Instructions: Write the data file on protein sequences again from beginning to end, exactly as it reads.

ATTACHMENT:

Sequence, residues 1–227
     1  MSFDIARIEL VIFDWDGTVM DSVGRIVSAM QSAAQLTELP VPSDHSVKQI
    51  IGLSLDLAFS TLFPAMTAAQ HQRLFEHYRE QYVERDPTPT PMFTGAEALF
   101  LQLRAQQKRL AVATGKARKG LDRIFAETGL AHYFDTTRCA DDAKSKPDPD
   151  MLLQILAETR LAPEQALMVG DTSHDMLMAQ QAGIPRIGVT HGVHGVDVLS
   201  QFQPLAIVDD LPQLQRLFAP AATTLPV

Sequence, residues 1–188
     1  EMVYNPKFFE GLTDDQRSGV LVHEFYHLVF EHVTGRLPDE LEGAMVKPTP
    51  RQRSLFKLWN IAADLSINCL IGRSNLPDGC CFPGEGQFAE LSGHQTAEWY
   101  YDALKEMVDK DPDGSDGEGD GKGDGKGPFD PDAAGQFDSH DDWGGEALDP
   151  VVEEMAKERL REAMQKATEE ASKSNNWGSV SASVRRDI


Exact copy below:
Sequence, residues 1–227
     1  MSFDIARIEL VIFDWDGTVM DSVGRIVSAM QSAAQLTELP VPSDHSVKQI
    51  IGLSLDLAFS TLFPAMTAAQ HQRLFEHYRE QYVERDPTPT PMFTGAEALF
   101  LQLRAQQKRL AVATGKARKG LDRIFAETGL AHYFDTTRCA DDAKSKPDPD
   151  MLLQILAETR LAPEQALMVG DTSHDMLMAQ QAGIPRIGVT HGVHGVDVLS
   201  QFQPLAIVDD LPQLQRLFAP AATTLPV

Sequence, residues 1–188
     1  EMVYNPKFFE GLTDDQRSGV LVHEFYHLVF EHVTGRLPDE LEGAMVKPTP
    51  RQRSLFKLWN IAADLSINCL IGRSNLPDGC CFPGEGQFAE LSGHQTAEWY
   101  YDALKEMVDK DPDGSDGEGD GKGDGKGPFD PDAAGQFDSH DDWGGEALDP
   151  VVEEMAKERL REAMQKATEE ASKSNNWGSV SASVRRDI